the next four

I missed the Millennial Bloggers’ deadline for publishing this blog, despite the fact that it was written and ready. It’s been a journey, facing the fact that the next president will be a candidate I couldn’t believe ever became a serious contender. There was a whole range of emotions I felt, ranging from simple shock to disillusionment, fear, uncertainty, and everything in between. De-tangling these emotions and making sense of them seemed too hard – so I detached instead, choosing to focus upon my day-to-day. But I realize I can no longer be the child who pretends something hidden doesn’t exist, and so I thought it was time these words were posted.

  

 

“The idea that some lives matter less is the root of all that is wrong with the world.”

 ~ Paul Farmer

 

When I walked into 5C, most students there shrugged if any of their peers implied they were too “stupid” or “undeserving”. Two years later, one of the students in the classroom explained, “Now we don’t think that they are better or we are better; we all get equal opportunities.”

It was just two years of their life, but their mindsets were fundamentally reshaped. What changed?

The idea of justice is something I held close to my heart from a very young age. When I was six, and food for a baby monkey was snatched by a larger one, I stood with my hands akimbo and lectured the rather befuddled large monkey. The idea grew stronger as I became older and saw the world’s inequities first-hand as I traveled between the US and India every summer.

When I got to my classroom at the age of twenty-two, I knew there was a lot I needed to learn. But I also knew that it was impossible to reach Teach for India’s vision of “One day, all students will attain an excellent education” without justice – without providing equal opportunities to all students, regardless of gender, religion, previous achievement, or any other metric.

And it wasn’t easy, to make a message land when a lot of what they had heard previously was precisely the opposite. When even their parents believed their children were stupid and incapable, it was an uphill battle to get the students to give themselves a chance. But they did.

Two years with a teacher, and we were able to reshape their mindsets fundamentally.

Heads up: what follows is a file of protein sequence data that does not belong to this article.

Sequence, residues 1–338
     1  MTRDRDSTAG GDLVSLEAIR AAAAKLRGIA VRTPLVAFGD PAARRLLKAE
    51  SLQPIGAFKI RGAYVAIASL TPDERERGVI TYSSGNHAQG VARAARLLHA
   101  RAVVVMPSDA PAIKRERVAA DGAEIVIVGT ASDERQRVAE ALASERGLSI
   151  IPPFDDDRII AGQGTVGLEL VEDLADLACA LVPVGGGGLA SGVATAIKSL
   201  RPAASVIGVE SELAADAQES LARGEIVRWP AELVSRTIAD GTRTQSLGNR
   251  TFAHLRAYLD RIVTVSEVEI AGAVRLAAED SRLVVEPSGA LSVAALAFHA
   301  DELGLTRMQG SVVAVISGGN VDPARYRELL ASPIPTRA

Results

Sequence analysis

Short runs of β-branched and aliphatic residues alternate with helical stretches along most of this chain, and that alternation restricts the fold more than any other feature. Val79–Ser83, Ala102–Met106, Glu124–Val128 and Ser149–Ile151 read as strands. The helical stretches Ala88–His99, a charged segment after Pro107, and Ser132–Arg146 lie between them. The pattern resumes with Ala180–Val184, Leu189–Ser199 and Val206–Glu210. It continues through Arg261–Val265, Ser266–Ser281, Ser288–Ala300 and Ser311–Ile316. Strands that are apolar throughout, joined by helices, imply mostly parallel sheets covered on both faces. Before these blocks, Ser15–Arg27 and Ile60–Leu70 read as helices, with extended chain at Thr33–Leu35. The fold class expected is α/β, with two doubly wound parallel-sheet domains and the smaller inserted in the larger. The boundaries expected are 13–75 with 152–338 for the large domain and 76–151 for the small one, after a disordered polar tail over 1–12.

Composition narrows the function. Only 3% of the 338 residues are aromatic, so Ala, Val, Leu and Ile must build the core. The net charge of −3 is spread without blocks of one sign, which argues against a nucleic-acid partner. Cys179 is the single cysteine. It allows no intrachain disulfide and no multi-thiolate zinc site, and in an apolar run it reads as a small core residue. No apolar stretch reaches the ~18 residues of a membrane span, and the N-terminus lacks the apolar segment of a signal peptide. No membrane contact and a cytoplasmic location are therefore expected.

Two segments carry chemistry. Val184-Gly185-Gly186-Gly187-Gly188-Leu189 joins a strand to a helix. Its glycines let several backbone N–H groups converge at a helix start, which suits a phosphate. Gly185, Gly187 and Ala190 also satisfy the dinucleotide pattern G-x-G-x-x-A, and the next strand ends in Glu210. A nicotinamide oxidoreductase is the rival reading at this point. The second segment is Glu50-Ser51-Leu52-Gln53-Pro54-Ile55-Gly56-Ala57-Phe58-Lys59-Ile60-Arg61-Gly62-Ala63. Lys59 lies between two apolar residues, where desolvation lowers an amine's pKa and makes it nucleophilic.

Imagine what kind of influence four years of an American president has on the children.

The rhetoric you hear around you get ingrained into your way of thinking. If racism is unacceptable in your community and your world, you automatically bat away racist thoughts from your mind. But if suddenly, the man occupying the highest office in the country – the man who half the country elected – not only believes such rhetoric is acceptable, but in fact runs on a platform of these views and wins, that changes how people think.

The policy implications of Trump’s election do stir fear in my mind. Climate change, healthcare, women’s rights, international relations – all of these may regress several years under his tenure.

But what keeps up awake at night is the potential impact this election will have on children. There are already young students telling immigrant peers to “go back.” That scares me. That’s an entire generation believing that someone’s skin color or native language and region determines their rights. Fundamentally, that throws into question the basic tenets upon which this country was founded.

A few months ago, on this blog, I discussed the necessity of teachers and school systems understanding how to culturally integrate migrants into their communities. I wrote:

And yet, to create the world for our children where the “content of their characters” is foremost, educational institutions must pave the path. Systems must change. Mind-sets must readjust. Children will learn.

Now, more than other, the onus falls upon educational institutions. Teachers and parents must not only complement the teachings of the political system, but go against it. There is no turning back from this unforeseen outcome. The nation is divided, and there are toxic and hateful views on both sides. We must work cautiously and consciously towards a healthier, more prosperous future. We must heed Obama’s advice to his daughters, that “your job as a citizen and as a decent human being is to constantly affirm and lift up and fight for treating people with kindness and respect and understanding.”

Growing up in the midst of this anger and hatred is one of worst environments for children. It is therefore more crucial than ever to listen, to let voices be heard, to understand, empathize, and work tirelessly – it’s not just our futures that are on the line, but theirs as well. And even though there are some outcomes we cannot reverse, it is definitely within our power to ensure that the messages that are delivered to students are the ones we want them to hear.

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